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It is funnier if you know what the "real" definitions of these terms are. But, that being said, here is a humorous glossary of common sailing terms...


  • Amidships - condition of being surrounded by boats.

  • Anchor - a device designed to bring up mud samples from the bottom at inopportune or unexpected times.

  • Anchor Light - a small light used to discharge the battery before daylight.

  • Back Stay - Spending time at home. When your partner goes sailing in October.

  • Bare Boat - Clothing Optional.

  • Beam Sea - A situation in which waves strike a boat from the side, causing it to roll unpleasantly. This is one of the four directions from which wave action tends to produce extreme physical discomfort. The other three are `bow sea' (waves striking from the front), `following sea' (waves striking from the rear), and `quarter sea' (waves striking from any other direction).

  • Berth - a little addition to the crew.

  • Bilge - cheap beer (see freeboard)

  • Boat ownership - Standing fully -clothed under a cold shower, tearing up 100 -dollar bills

  • Boom - sometimes the result of a surprise jibe.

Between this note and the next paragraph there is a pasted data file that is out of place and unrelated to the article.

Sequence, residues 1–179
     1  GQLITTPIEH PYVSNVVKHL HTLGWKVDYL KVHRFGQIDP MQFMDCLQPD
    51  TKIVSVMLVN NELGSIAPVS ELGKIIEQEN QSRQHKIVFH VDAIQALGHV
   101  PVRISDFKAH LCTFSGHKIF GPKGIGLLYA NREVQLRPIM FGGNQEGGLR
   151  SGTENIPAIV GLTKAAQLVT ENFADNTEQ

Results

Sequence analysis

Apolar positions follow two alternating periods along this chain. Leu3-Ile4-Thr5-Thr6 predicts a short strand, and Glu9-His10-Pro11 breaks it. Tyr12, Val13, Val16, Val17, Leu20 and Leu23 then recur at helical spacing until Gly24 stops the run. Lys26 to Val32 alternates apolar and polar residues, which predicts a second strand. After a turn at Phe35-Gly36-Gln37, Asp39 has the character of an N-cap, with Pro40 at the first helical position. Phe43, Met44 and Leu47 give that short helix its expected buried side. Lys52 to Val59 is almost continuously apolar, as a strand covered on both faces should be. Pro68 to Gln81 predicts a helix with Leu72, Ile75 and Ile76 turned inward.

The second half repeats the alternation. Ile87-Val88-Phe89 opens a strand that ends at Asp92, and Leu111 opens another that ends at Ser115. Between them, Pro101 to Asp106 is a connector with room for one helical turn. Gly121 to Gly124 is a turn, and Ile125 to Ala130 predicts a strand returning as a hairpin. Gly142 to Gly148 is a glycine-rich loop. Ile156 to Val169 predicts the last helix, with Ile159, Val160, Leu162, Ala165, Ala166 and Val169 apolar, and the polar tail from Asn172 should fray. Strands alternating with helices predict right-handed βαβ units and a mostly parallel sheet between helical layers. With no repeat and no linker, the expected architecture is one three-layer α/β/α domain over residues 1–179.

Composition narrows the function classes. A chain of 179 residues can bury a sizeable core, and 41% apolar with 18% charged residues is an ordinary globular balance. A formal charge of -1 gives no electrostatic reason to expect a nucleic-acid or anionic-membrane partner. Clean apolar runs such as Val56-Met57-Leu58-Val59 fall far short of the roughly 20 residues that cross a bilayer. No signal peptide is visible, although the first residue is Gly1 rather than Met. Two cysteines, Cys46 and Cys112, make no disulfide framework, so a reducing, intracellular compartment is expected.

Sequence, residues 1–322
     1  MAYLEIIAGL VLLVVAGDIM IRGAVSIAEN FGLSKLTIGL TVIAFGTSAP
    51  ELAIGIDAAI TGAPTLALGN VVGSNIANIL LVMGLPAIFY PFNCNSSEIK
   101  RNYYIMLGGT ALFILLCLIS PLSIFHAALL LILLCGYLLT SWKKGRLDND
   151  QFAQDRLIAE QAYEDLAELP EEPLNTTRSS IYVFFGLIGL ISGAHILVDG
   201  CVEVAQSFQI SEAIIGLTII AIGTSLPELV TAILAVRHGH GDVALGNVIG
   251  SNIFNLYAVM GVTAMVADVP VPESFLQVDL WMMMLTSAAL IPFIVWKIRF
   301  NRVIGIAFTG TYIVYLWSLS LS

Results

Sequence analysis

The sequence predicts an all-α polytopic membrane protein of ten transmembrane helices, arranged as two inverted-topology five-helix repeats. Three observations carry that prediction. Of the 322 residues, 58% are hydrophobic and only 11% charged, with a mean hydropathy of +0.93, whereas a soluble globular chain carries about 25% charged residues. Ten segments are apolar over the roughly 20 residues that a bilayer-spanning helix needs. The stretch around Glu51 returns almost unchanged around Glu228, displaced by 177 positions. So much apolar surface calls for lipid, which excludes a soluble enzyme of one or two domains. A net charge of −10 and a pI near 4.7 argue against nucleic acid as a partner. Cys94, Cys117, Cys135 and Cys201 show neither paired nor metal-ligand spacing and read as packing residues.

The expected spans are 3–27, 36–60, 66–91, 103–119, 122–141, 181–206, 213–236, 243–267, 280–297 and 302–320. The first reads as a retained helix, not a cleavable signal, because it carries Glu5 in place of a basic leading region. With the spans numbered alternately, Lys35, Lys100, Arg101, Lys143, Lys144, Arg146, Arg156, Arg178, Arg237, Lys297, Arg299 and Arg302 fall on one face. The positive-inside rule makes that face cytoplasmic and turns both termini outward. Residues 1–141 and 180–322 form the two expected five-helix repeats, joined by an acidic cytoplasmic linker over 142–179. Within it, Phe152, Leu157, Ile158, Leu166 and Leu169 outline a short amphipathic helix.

• Boom - Called boom for the sound that's made when it hits crew in the head on its way across the boat. For slow crew, it's called `boom, boom.'

  • Bottom Paint - what you get when the cockpit seats are freshly painted.

  • Calm - Sea condition characterized by the simultaneous disappearance of the wind and the last cold beverage.

  • Chart - a type of map which tells you exactly where you are aground.

  • Clew - an indication from the skipper as to what he might do next.

  • Companionway - a double berth.

  • Course - The direction in which a skipper wishes to steer his boat and from which the wind is blowing. Also, the language that results by not being able to.

  • Cruising - Fixing your boat in exotic locations.

  • Crew - Heavy, stationary objects used on shipboard to hold down charts, anchor cushions in place and dampen sudden movements of the boom.

  • Current - Tidal flow that carries a boat away from its desired destination, or towards a hazard

  • Dead Reckoning - a course leading directly to a reef.

  • Deadrise - getting up to check the anchor at 0300.

  • Deck Fluff - a scantily clad North American Big Hair, commonly placed on the foredeck of a sailing yacht with the sole purpose to distract the competition while rounding the mark inside their position.

  • Deviation - any departure from the Captain's orders.

  • Dinghy - the sound of the ship's bell.

  • Displacement - when you dock your boat and can't find it later.

  • Draft - The gap in your oilies between the trousers and the jacket.

  • Estimated Position - a place you have marked on the chart where you are sure you are not.

  • First Mate - crew member necessary for skippers to practice shouting instructions to.

  • Fix - the crew's estimate of your current position.

  • Emergency Flares - old pair of trousers to change into if you fall overboard.

  • Flashlight - Tubular metal container used on shipboard for storing dead batteries prior to their disposal